Jean Warrington, Clerk of the Chestnut Hill Friends Meeting at the Chestnut Hill Library. See

Chef sculpts Ice New Year's Eve

Chef Sculpts Ice New Year's Eve

I’m done with all the major cuts. It’s all the way through. Now it’s kind of add feature to the snowflake and know that I only have two feet that it’s standing on. This is going to be the tricky part to get all the detail in. We’ll finish the pedestal and we’ll call it a night. ARE YOU WORKING FROM A PATTERN? I am. All my templates I start with a paper pattern. That’s only one-dimensional. You get into the three-dimensional when you start cutting. HOW DID YOU GET INTO IT? I’m a chef by trade so this is part of my education.  You practice with every piece. Every one is very different. They all have their own kind of temperament, their own characteristics. WHAT’S THE TEMPERAMENT OF THIS ONE? This one is a little tougher, it is getting a little colder so it’s a little bit more of a fight than the “2012.” The “2012” cut like butter, it was a little earlier in the evening, this one’s a little tougher which is Okay.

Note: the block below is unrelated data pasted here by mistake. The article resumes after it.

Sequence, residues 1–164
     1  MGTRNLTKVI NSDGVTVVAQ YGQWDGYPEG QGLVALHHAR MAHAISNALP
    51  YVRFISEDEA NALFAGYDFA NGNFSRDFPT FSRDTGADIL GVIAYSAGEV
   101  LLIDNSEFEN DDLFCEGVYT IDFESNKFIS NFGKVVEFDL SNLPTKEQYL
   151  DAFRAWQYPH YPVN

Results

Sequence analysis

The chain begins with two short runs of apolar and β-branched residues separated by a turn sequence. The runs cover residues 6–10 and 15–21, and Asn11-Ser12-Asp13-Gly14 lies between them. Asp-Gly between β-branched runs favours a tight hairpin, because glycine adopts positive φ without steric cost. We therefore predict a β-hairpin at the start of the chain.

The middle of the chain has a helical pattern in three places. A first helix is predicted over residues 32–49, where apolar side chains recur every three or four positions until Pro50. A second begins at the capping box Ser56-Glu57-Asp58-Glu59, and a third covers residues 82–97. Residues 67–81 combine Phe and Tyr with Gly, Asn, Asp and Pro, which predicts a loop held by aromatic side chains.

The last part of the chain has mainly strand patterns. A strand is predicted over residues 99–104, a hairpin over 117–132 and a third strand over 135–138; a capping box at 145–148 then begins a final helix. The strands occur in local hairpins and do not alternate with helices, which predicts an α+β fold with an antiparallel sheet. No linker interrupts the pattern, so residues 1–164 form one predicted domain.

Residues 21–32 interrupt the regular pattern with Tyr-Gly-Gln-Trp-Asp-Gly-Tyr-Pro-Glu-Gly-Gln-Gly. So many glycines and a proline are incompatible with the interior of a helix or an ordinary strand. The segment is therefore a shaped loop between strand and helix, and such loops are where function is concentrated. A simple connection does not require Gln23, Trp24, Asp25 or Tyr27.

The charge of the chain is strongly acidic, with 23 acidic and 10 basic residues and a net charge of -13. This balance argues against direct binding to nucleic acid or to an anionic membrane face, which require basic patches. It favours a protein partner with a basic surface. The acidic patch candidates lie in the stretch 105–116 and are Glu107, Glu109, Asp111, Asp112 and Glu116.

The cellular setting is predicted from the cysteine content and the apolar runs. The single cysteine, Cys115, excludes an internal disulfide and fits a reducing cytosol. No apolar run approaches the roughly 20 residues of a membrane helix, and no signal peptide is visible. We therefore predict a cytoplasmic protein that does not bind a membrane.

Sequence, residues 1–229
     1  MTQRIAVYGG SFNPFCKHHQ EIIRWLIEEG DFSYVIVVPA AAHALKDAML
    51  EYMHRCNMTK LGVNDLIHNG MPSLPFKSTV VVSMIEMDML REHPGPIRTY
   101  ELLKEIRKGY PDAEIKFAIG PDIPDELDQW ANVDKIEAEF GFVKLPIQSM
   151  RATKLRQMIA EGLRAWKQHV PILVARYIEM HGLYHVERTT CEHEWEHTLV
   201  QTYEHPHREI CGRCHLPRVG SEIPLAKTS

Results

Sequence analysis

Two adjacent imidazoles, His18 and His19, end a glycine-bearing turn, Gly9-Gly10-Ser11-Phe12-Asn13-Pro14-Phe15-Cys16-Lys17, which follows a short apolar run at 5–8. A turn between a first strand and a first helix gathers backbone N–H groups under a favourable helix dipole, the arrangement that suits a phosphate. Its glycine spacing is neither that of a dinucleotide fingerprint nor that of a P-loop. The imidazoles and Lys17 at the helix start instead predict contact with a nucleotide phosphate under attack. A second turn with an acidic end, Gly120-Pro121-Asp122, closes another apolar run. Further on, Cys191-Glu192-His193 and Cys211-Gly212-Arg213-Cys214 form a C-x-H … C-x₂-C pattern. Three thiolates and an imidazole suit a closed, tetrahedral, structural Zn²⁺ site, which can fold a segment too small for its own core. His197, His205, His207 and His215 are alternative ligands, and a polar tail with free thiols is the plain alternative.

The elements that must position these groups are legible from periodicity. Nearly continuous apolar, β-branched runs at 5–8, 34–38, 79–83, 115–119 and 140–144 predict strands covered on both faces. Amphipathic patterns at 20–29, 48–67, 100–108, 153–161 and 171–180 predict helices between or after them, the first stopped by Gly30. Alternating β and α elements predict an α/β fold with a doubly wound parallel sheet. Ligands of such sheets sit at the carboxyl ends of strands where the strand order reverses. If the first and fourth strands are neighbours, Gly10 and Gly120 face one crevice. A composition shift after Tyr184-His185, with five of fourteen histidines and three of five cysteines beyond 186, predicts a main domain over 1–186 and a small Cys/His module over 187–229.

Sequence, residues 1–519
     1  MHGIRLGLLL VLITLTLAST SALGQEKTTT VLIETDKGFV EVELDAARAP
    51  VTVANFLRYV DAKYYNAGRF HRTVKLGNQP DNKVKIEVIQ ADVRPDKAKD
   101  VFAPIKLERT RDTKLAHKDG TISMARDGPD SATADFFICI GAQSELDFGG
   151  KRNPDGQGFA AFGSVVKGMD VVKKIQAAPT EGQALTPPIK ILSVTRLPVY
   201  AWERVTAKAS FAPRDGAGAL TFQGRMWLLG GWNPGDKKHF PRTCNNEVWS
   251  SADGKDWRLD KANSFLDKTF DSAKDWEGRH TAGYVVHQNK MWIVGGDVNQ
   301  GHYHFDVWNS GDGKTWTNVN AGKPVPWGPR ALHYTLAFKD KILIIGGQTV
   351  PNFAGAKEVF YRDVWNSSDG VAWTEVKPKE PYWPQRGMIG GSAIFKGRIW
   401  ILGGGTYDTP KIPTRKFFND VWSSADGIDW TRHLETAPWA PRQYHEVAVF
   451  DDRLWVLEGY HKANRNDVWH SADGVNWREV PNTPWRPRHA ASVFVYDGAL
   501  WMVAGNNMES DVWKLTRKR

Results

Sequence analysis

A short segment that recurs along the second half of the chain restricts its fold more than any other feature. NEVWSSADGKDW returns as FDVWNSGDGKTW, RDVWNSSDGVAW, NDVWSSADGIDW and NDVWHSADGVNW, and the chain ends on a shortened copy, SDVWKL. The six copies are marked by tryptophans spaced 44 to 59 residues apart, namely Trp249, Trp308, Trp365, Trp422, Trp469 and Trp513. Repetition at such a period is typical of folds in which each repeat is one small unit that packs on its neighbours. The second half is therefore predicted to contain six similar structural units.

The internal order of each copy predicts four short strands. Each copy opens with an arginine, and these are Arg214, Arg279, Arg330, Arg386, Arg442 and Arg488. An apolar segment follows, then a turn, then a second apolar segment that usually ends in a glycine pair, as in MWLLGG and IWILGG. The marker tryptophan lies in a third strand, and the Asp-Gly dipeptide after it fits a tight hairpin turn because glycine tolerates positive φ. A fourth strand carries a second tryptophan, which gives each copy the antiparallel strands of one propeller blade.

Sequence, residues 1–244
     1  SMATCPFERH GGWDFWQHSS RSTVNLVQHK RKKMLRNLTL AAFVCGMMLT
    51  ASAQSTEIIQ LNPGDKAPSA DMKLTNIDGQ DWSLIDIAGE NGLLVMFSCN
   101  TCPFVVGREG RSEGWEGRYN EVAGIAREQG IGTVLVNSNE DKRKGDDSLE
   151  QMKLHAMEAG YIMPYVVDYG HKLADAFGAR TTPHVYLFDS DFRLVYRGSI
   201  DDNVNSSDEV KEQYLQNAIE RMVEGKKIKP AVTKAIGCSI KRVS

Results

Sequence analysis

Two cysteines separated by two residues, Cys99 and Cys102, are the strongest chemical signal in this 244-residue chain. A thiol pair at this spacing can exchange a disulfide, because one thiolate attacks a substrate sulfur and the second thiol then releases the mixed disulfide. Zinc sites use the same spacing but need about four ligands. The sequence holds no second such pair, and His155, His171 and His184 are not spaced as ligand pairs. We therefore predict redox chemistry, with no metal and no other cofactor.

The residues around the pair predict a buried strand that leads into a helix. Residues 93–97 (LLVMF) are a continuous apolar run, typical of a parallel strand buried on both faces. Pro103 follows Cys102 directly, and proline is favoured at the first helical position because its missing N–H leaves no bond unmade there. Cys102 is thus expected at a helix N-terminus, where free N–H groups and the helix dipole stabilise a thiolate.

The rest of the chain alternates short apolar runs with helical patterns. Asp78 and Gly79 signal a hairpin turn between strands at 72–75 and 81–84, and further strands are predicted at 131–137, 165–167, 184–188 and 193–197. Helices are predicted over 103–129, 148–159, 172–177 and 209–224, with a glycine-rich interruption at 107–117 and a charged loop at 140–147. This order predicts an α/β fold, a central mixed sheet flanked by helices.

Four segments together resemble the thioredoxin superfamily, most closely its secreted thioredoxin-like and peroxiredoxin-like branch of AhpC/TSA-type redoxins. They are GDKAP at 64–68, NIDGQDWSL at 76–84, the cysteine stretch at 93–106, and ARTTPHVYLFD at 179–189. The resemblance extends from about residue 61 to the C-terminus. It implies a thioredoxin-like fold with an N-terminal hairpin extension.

Chef Tim Harris, First Night celebration, Carlisle, PA. [BYSTANDERS: What’s the best thing about ice cutting? Chainsaw!]

Watch video here.

A popular attraction at the 2012 First Night Carlilse celebration were the"Steppinwoofs" a group of ladies and their pet dogs who dance in choreographed routines: see video clip here.